The implication of this seems staggering, especially when one considers how the global Church operates. If a bishop is no longer leading a Vatican council or dicastery then how would they function? Wouldn’t these Roman offices lose their power and prestige without a bishop? The simple answer is no since the pope should be able to pick any priest, consecrated woman, or layperson with real ability to run these offices. A Vatican department head does not need to be an archbishop if he works for the pope—being a priest, deacon, sister, or layperson who represents the pope should be enough.

Simply put, a bishop who no longer needs to worry about advancement can concentrate his efforts and love on the faithful. His people will have an assurance their father in faith will remain in good times and in bad. They will continue to grow together holding each other responsible. With time, the people under a bishop’s charge will better accept his teaching because he will be their servant in and out of season. Furthermore, a bishop who is expected to stay in his see for decades will not only better know his flock, but he will be able to plan in advance, and his decisions will need to be made more carefully because his mistakes will not be left to his successor to rectify for some time.

As for the massive (arch)dioceses in the U.S., the Church needs to rethink how much a bishop can reasonably handle. For example, the Archdiocese of New York ministers to 2.8 million Catholics and the Archdiocese of Los Angeles serves almost 5 million people. These populations are much too large for one man to govern and ensure the spiritual care of his people. Bishops in a diocese of this size must take on so many other roles that are far less important than being a father to his people. Bishops are forced to delegate tasks that should be their immediate concern, such as officiating over confirmations and visiting each of his parishes once a year to preside over Sunday Mass. It is not enough to appoint auxiliary or assistant bishops. However, this runs into the problem of headless bishops, and one could make a good theological case that assistant bishops are not truly bishops. Once the size of a diocese becomes more manageable, bishops can be chosen based on their pastoral ability and not on their administrative experience. While ultimately the bishop has the final say in his jurisdiction, he should be able to delegate administrative work to capable clerics and laymen.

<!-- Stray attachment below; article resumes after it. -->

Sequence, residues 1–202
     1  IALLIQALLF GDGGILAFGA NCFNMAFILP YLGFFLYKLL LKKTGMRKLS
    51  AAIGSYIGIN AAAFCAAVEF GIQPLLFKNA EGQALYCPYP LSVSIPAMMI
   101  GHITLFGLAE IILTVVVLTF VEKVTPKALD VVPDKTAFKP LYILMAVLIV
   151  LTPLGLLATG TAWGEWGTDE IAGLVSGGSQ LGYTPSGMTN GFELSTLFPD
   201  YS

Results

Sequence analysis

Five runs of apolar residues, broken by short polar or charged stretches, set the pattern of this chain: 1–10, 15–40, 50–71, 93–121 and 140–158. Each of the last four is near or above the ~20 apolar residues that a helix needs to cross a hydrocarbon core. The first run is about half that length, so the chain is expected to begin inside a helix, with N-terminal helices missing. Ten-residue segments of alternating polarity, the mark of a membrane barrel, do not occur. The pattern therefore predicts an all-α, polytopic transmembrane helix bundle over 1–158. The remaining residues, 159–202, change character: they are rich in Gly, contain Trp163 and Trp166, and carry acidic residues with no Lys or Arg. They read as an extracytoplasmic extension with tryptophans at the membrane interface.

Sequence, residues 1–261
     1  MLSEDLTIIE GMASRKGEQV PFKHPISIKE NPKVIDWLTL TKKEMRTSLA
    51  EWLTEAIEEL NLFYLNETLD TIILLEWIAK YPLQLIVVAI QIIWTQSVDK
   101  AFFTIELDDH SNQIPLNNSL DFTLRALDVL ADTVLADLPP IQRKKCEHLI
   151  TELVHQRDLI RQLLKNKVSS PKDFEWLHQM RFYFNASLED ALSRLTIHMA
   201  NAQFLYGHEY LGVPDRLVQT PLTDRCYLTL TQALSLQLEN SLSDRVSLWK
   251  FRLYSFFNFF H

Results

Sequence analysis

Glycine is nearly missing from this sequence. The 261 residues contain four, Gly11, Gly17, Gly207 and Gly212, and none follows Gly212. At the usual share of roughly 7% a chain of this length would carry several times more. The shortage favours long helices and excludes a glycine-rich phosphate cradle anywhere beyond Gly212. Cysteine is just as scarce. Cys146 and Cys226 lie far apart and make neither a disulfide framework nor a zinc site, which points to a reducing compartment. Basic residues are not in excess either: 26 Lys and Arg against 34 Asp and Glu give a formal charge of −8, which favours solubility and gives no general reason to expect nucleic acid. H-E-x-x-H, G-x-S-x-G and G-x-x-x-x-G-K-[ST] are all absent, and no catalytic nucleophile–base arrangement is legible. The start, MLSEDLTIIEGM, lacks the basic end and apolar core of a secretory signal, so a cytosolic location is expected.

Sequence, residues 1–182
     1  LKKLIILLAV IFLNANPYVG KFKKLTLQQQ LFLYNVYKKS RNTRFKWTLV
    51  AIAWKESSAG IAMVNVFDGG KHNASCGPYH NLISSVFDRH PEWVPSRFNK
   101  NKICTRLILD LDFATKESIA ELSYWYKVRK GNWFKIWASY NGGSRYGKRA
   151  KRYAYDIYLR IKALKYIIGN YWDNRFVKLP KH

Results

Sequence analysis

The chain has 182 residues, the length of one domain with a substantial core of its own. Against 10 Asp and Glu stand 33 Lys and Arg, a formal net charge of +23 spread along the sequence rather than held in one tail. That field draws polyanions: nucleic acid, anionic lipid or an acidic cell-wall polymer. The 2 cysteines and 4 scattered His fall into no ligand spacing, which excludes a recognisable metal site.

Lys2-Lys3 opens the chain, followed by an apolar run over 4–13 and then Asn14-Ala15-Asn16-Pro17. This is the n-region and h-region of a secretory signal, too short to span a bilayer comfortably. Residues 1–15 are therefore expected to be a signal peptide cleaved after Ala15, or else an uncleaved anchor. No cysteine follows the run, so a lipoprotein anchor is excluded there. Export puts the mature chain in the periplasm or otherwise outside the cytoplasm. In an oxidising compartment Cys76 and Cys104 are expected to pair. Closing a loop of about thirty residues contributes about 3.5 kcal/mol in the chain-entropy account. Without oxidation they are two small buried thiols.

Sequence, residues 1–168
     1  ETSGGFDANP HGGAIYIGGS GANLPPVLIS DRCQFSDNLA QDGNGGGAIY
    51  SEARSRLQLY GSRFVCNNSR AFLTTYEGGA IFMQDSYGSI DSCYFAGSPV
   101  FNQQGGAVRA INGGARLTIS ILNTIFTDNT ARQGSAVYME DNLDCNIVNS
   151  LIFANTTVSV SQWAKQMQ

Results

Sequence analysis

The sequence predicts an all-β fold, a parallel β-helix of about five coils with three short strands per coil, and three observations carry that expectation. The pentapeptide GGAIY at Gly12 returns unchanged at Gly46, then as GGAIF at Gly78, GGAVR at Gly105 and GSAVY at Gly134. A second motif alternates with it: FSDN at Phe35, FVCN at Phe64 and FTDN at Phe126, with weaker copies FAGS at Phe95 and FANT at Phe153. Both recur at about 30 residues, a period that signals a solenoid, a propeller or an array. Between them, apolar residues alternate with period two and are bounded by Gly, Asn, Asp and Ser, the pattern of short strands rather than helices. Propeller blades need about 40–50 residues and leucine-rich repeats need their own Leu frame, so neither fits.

To sum up, Bishops need to return to the role of father for their communities. The first step is they should stay in the place that they are married to. This will allow bishops to concentrate on their flock without being distracted by the allure of promotion. The Church has been hit with both a scandal and crisis of leadership of its own making. Returning to this ancient method may help to avert another leadership crisis. This ancient rule will only help bishops create fruitful long-lasting relationships with their parishioners. This should go a long way to reestablishing trust between shepherd and flock. The people will also be more mindful of their leader and devoted to learning the Catholic faith from him.

Papal Elections
If bishops are no longer transferred from city to city, how do we select a new pope? In some ways it will be the same. The College of Cardinals will still be responsible for selecting the Bishop of Rome. It will, however, be a much smaller college since the Church will no longer need to create cardinals to run Vatican departments. This will leave only cardinal bishops and Eastern Catholic patriarchs presiding over flocks the right to vote. Also, heads of monastic communities should be allowed to join the college. As for whom they would select, it would be incumbent on the college to search for a priest who could be a true father to the Roman people as well as a shepherd for the entire Church. The cardinals would, much like Samuel looking for the new King of Israel, search for a man of God and no longer jockey for position and advance foreign agendas.

(Photo credit: Alan Holdren / CNA)

Jason Surmiller

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Jason Surmiller recently graduated from the University of Texas at Dallas with a Ph.D. in Humanities, History of Ideas. He is a faculty member of Ursuline Academy of Dallas and an adjunct instructor at Brookhaven College. His first book, European Fascism and the Catholic Church in America: Power and the Priesthood in World War, from IB Tauris, comes out in March 2020.